Some life insurance policies indeed pay dividends.

A dividend is the return of some premiums to you as the policyholder at the end of the year.

But, before you rush off to take out such a policy in the belief that such a policy must be better than a policy that pays out dividends, you need to ask a few questions. It does not follow that just because one policy pays out dividends and the other does not, the one that pays must be a better policy. Hold your horses!

You need to ask yourself – what are the potential benefits of such an insurance policy? Do these benefits apply to everyone? Are there any cons to dividend-paying whole life insurance policies?

How does a dividend-paying whole life insurance policy work?

As the name implies, this insurance policy is a whole life insurance policy instead of a term policy. As a result, it has a death benefit, a cash value, and the additional potential benefit of receiving an annual dividend payout should the insurance company perform well during that year.

Sometimes there is a guaranteed dividend, but, mainly, the dividend is determined by performance within the financial year.

Where the dividend is guaranteed, the premiums will be higher to cover the risk of poor performance by the insurance company.

The dividend amount is typically set at a certain percentage of the policy’s value—the percentage changes annually, dependent on how the insurance company has performed during that year.

The dividend earnings are tax-free.

Term life insurance policies do not offer dividend payouts; only whole life policies do.

In practice, how does this work?

You pay your monthly premiums for your whole life. In addition, you receive a death benefit which pays out when you die to your beneficiaries in terms of the policy. You also accumulate a cash value on the policy during the policy’s life.

This cash value earns interest over time, so it is a form of recurring revenue and helps to grow the value of your policy.

With a dividend-paying whole life insurance policy, you get the added potential advantage of receiving an additional bonus at the end of the year based on how well 0or how poorly) the insurance company performed during the year. A good broker should guide you on the amounts that have been paid out over the past years.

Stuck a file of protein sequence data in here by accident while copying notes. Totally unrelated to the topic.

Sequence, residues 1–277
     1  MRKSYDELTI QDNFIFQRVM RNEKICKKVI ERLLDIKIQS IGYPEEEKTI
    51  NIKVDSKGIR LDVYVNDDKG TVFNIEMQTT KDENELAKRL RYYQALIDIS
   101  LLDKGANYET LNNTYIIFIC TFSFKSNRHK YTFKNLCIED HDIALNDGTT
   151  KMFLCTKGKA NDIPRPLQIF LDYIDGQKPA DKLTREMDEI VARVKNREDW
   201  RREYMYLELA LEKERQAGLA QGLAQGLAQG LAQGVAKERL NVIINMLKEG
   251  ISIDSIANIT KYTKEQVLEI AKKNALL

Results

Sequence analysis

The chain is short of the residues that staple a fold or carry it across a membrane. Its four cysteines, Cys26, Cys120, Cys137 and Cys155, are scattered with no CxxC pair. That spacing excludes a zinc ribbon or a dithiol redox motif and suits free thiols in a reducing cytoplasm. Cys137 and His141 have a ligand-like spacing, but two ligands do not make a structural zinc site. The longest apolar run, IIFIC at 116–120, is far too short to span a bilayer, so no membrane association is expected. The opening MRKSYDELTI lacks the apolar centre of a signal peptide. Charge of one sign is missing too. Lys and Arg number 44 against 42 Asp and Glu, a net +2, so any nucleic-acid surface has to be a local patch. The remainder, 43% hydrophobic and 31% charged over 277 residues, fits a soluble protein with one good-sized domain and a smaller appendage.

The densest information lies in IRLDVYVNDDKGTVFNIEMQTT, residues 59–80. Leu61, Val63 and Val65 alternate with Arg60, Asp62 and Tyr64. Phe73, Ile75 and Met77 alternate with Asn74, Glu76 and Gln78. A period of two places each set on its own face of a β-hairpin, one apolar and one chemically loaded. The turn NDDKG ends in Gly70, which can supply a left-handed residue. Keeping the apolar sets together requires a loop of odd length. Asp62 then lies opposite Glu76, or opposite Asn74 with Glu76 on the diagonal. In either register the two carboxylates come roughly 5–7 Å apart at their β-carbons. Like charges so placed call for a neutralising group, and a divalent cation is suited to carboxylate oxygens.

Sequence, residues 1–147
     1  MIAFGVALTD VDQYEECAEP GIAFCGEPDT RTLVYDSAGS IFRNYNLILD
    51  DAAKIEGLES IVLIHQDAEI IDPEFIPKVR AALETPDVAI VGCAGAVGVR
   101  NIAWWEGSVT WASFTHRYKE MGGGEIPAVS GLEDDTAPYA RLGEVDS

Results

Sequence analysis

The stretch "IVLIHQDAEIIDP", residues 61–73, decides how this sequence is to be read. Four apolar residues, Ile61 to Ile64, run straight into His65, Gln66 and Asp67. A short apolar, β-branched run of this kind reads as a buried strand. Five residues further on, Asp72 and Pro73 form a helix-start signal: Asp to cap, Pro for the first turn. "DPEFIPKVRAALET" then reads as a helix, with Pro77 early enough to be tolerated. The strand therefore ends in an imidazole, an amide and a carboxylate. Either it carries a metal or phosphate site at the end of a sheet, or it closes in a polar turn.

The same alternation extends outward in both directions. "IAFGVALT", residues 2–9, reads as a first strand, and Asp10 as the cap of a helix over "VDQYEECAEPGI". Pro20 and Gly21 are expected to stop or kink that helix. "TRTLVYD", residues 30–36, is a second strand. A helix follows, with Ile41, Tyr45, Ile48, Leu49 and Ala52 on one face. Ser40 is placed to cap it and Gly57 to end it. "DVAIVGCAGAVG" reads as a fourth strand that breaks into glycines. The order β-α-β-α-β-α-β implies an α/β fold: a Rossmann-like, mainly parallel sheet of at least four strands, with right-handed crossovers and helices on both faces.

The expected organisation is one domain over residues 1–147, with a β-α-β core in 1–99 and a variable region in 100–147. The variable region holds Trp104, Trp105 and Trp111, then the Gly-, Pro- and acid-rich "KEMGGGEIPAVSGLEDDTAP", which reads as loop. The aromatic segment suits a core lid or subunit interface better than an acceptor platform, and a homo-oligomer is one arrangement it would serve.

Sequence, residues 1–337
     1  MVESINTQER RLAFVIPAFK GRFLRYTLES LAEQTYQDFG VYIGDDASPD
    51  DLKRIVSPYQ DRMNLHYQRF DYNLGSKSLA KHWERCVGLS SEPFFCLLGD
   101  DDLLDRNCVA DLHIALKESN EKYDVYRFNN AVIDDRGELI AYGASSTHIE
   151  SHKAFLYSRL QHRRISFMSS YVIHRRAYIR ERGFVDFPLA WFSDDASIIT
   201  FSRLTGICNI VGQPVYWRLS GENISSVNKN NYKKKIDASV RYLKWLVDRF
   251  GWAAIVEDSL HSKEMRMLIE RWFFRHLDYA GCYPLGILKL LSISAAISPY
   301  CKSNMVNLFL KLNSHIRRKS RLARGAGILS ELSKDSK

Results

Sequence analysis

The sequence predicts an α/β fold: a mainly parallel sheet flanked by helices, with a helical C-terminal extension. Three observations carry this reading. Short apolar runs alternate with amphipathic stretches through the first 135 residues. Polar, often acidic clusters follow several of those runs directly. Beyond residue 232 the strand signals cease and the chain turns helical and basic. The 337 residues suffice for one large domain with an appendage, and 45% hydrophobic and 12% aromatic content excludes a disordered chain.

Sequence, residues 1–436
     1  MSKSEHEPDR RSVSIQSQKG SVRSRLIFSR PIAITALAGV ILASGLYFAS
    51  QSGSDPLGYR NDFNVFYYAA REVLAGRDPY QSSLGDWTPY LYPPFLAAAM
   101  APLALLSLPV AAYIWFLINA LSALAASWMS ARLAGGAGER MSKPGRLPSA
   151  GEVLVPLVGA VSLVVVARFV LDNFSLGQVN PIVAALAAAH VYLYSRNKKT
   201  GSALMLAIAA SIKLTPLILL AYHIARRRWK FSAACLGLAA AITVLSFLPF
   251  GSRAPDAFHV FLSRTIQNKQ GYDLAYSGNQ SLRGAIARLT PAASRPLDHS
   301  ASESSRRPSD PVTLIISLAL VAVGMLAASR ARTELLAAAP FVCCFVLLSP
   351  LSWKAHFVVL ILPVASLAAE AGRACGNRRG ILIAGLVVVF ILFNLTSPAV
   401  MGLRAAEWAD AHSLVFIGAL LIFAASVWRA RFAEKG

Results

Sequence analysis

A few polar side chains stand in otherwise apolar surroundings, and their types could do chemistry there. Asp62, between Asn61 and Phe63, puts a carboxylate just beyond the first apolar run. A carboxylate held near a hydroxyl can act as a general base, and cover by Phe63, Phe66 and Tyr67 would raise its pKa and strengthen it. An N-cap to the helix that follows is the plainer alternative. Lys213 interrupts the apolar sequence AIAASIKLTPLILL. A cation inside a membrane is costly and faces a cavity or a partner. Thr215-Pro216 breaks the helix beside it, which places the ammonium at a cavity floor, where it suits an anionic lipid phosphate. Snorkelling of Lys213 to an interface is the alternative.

What are the options for the extra cash, I hear you excitedly ask?

You get to decide how the bonus dividend is applied (assuming one is declared). There are four options for you.

Firstly. You can opt to be paid out the cash, in which case the insurance company writes you out a check which you can deposit or even cash and spend on your Christmas present for the year!

Next, you can instruct the company to hang onto the money in their account, in which case it will earn you the interest every year.

Thirdly, you can direct the company to give you additional life cover by using the annual bonus. The single payment made from the bonus can provide you with new life coverage.

Lastly, you can request the insurance company to put the bonus towards your premiums, in which case the premiums will be lowered.

So, what are the cons?

The biggest con is that premiums are significantly higher, especially if there is a guaranteed dividend.

Most people don’t need whole life insurance, and taking it to benefit from the annual dividend does not mean they don’t need it. However, insurance must be customized to your needs. There is no one-size-fits-all solution.

The policies you take out should form part of a logical strategy and cover all ofyour bases as an individual.

So whether a whole life dividend-paying policy is for you or not depends. Maybe. Maybe not.

What are the top ten insurance companies that offer whole life dividend policies?

There are several different insurance companies that pay dividends.

It is beyond the scope of this blog as to what these companies are. For now, you need to decide on whether such a policy is required in your portfolio.

If it is, then start comparing before you decide which policy is the right fit for you.